I had hopes of loving Wonder Woman 1984. The problem is I kept noticing more and more things that increased my level of disappointment. Additional examples include the dreamstone element of the story which came across as silly and somewhat nonsensical. I’m also not a fan of a fair amount of the aerial work, including when Wonder Woman is ‘flying’.
Furthermore, why, oh, why wasn’t the father/son reunion dialogue more tightly edited? It was so unnecessarily long-winded. There’s also the fact that I still remain unsure about how Kristoffer Polaha’s character came to be Steve (Chris Pine). And I’m mad that this movie/story did not make Pedro Pascal look great in the villain role. As for Wiig, I liked her best once she went to the dark side. I still think that the Cheetah look is too much like Cats (2019). I haven’t seen Cats but I hear that such a comparison is not a compliment.
What good or bad things stood out most for you in Wonder Woman 1984? I really could go on about the things wrong with this movie but I have other tasks to complete today. Watch Wonder Woman 1984 if you’re curious enough.
I can’t say that I’ve enjoyed the first two episodes of WandaVision; the new TV series spinoff focused on the Avengers movie characters, Scarlet Witch/Wanda Maximoff and The Vision
Starring Elizabeth Olsen and Paul Bettany; WandaVision got on my wrong side very soon after it began. And part of the reason is the application of a generally overused comedy bit. The one where two people think they’re talking about the same topic when they’re speaking of two completely different things. This particular comedy writing trope has failed to be funny, for me, ever since I binge-watched Arrested Developed (2003-2019) and realised how heavily the writers relied on it.
As annoying as I quickly found WandaVision to be, I was determined to get over it, as long as what was happening soon proved interesting enough to hold my full attention. Sadly, I hoped in vain because both episodes one and two, which are 99.9% in black and white, hinted at potentially sinister and entertaining things to come. But no matter how much I wanted the show to get to the point faster, it didn’t.
Matters were made worse by the completely unfunny sitcom scenario, in which Wanda and Vision appear to be trapped. Even if this predicament is the perfect set up for everything else fun that will follow, sitting through comedy I consider terrible isn’t how I generally like to spend my time.
Having never read the comic books that inspired these stories is something that has probably contributed, in part, to my level of dissatisfaction. Either way, what I know for sure is this, I’m going to be beyond disappointed if the following episodes of this, so far, hardly engaging Marvel Studios production continues the same way. Just get to the fun parts already! The parts when both Wanda and Vision get to use their powers, frequently and in ways that matter.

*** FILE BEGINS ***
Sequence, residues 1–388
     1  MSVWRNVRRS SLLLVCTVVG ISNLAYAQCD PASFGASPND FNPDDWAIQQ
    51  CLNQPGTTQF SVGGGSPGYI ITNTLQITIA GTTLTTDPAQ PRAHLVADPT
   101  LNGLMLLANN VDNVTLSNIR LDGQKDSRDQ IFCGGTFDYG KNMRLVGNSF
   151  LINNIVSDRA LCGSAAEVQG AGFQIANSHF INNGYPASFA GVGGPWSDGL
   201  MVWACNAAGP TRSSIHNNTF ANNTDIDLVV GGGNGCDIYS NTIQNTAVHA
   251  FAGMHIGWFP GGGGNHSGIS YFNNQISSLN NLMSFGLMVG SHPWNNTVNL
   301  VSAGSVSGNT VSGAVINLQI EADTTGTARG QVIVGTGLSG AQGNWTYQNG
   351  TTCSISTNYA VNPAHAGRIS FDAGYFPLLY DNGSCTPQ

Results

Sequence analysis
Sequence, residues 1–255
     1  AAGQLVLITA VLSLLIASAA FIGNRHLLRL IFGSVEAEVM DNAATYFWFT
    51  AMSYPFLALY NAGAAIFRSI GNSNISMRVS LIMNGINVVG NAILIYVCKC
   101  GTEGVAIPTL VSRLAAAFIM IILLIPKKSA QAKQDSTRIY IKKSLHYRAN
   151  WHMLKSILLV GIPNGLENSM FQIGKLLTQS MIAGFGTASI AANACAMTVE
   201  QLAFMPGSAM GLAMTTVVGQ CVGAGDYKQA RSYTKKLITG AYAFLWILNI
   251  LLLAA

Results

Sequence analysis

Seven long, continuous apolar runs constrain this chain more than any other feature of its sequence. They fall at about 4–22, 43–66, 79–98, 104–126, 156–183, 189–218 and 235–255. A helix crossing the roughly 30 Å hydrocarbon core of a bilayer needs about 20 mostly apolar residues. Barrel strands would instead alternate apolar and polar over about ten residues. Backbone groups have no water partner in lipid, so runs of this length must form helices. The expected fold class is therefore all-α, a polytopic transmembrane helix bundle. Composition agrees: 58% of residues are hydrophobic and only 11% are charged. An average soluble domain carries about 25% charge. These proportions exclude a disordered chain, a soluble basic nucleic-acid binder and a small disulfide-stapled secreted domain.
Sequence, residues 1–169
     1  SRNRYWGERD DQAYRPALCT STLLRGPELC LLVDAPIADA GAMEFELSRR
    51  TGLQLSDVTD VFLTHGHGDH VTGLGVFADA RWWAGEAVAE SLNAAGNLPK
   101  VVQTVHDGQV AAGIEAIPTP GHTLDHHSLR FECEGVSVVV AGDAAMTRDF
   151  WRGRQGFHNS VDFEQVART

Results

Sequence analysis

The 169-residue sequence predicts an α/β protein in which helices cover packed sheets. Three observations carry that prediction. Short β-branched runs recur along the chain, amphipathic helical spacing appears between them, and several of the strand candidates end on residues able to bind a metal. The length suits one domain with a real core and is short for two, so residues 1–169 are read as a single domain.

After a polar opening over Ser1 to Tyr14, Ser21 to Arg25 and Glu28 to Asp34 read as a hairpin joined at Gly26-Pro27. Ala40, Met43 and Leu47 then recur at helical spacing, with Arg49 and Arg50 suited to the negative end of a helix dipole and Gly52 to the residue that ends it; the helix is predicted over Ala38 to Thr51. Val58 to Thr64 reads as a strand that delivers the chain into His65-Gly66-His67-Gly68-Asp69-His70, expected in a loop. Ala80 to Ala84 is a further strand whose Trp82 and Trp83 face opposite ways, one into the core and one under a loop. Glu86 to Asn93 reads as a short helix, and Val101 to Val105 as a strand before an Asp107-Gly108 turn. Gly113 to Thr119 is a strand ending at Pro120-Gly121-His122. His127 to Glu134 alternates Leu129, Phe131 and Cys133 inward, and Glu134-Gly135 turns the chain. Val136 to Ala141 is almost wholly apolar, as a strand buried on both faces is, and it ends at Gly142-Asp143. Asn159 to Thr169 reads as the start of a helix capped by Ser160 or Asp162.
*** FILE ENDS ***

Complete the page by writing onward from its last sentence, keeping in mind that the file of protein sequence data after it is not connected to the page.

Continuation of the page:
I need to know what’s going on with them and soon because this colourless town with the random, mysterious event and even stranger neighbours is causing me to reach for my phone out of boredom. And far more frequently than I want to.
I remember having a lot of fun watching the first The Croods (2013) movie. An animated action/comedy/adventure about a caveman family trying to survive while on a long, dangerous trek.
In the 2020 sequel, The Croods – A New Age, the same prehistoric family find themselves caught in a rivalry with another family. A group who claim to be better evolved. And best I can say about it is this: ‘The animation is pleasing and, there are some rather funny moments‘.
Starring, Emma Stone, Nicolas Cage and Ryan Reynolds, I was surprised to find that overall, the story felt forced and I, unfortunately, cannot deny drifting off a few times.
Now, I promise I was not in a bad mood before I started watching The Croods – A New Age. However, unlike in the first film, this time it was easy to identify almost all the actors behind the voices. And for some reason, that annoyed me. I still stand by me not being cranky when I started to watch the film. If anything, my disappointment with the story execution is the reason for any alteration in my mood.
The good news about directors Chris Sanders and Kirk DeMicco’s film is that at the very least, it’s ‘quite watchable. As such, if you liked the first The Croods movie, then give this one a chance. After all, it looks as though most people had a good time with it.